The child-rearing practices of the kibbutz system are sometimes cited as an example of the Westermarck effect. Seen here are a group of children in Kibbutz Gan Shmuel, circa 1935–40.

The Westermarck effect, also known as reverse sexual imprinting, is a psychological hypothesis that states that people tend not to be attracted to peers with whom they lived like siblings before the age of six. This hypothesis was first proposed by Finnish anthropologist Edvard Westermarck in his book The History of Human Marriage (1891) as one explanation for the incest taboo.[1]

Research since Westermarck

The Westermarck effect has gained some empirical support.[2] Proponents point to evidence from the Israeli kibbutz system, from the Chinese Shim-pua marriage customs, and from closely related families.

In the case of the Israeli kibbutzim (collective farms), children were reared somewhat communally in peer groups, based on age, not biological relations. A study of the marriage patterns of these children later in life revealed that out of the nearly 3,000 marriages that occurred across the kibbutz system, only 14 were between children from the same peer group. Of those 14, none had been reared together during the first six years of life. This result suggests that the Westermarck effect operates from birth to at least the age of six.[3]

In Shim-pua marriages, a girl would be adopted into a family as the future wife of a son, often an infant at that time. These marriages often failed, as would be expected according to the Westermarck hypothesis.[4]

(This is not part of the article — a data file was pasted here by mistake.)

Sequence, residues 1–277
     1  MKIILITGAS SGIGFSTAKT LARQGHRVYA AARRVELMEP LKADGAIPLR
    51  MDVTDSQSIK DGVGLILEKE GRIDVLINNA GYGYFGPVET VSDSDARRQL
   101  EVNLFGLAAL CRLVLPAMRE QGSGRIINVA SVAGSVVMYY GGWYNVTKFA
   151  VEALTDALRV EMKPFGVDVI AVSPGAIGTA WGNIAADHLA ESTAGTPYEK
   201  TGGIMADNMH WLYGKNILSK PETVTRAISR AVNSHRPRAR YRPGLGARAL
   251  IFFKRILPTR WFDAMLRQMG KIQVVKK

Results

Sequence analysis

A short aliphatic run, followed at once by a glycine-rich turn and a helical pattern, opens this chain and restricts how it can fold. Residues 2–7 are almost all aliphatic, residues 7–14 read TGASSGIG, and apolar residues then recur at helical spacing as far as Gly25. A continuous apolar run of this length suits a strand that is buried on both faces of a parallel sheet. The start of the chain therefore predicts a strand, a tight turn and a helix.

Studies show that cousin-marriage in Lebanon has a lower success rate if the cousins were raised in sibling-like conditions, first-cousin unions being more successful in Pakistan if there was a substantial age difference, as well as reduced marital appeal for cousins who grew up sleeping in the same room in Morocco. Evidence also indicates that siblings separated for extended periods of time since childhood were more likely to report having engaged in sexual activity with one another.[5]


Eran Shor and Dalit Simchai revisited the kibbutzim results and found sexual attraction where it had not been acted on. They conclude that any innate aversion needs to be backed up by social pressures and norms.[6]

See also


  1. ^ Hou, Bowen; Wang, Yan (2021-04-21). "Westermarck Effect and Imprinting". Encyclopedia of Evolutionary Psychological Science. pp. 8496–8498. doi:10.1007/978-3-319-19650-3_3618. ISBN 978-3-319-19650-3. S2CID 241044443. Retrieved 2022-11-13.
  2. ^ Inbreeding, Incest, and the Incest Taboo: The State of Knowledge at the Turn of the Century, Arthur P. Wolf and William H. Durham (Editors), Stanford University Press, 2004, ISBN 978-0804751414. Introduction
  3. ^ Shepher, Joseph (1983). Incest: A Biosocial View. Studies in anthropology. New York: Academic Press. ISBN 0-12-639460-1. LCCN 81006552.
  4. ^ Wilson, Margo; Daly, Martin (1992). "Chapter 7: The Man Who Mistook His Wife for a Chattel". In Barkow, J.H.; Cosmides, L.; Tooby, J. (eds.). The Adapted Mind. Evolutionary psychology and the generation of culture. New York: Oxford University Press. ISBN 978-0-19-510107-2. p. 190
  5. ^ Scheidel, Walter. "Evolutionary psychology and the historian." The American Historical Review 119, no. 5 (2014): 1563-1575.
  6. ^ Shor, Eran; Simchai, Dalit (2009). "Incest Avoidance, the Incest Taboo, and Social Cohesion: Revisiting Westermarck and the Case of the Israeli Kibbutzim". American Journal of Sociology. 114 (6): 1803–1842. doi:10.1086/597178. PMID 19852254. S2CID 27854996.

Further reading